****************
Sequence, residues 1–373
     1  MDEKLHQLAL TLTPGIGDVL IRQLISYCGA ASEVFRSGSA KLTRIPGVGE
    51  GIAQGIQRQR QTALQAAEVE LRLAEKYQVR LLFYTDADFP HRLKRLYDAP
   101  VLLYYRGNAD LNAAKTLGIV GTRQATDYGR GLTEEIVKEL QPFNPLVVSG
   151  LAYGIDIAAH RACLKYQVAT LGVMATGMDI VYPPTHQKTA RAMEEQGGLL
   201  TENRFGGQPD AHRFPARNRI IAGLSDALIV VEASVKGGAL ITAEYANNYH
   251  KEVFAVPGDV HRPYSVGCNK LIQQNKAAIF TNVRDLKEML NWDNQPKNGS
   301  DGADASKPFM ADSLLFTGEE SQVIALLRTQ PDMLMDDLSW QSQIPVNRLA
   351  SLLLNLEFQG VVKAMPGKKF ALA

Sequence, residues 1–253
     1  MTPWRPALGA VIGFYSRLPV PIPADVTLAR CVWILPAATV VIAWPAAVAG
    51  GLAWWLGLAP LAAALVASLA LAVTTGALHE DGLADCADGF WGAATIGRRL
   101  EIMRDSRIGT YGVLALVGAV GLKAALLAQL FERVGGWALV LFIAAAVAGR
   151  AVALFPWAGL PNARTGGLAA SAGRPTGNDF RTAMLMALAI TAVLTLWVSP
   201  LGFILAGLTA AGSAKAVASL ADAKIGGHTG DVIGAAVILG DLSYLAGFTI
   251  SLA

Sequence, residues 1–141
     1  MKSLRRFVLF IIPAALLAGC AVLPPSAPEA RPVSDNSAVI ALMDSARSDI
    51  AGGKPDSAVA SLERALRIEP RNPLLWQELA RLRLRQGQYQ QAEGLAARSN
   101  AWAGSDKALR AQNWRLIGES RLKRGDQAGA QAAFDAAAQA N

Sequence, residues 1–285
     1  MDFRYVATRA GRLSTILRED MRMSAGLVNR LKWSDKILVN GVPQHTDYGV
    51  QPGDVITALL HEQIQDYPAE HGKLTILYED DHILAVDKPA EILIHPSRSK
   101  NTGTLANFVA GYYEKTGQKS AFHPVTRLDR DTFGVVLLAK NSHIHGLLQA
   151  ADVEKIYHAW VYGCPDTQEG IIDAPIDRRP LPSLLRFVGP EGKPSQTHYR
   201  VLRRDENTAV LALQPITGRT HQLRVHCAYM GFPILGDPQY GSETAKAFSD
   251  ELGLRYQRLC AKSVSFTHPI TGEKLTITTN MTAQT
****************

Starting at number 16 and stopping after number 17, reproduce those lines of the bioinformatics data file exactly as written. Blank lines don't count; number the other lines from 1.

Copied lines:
   251  SLA

Sequence, residues 1–141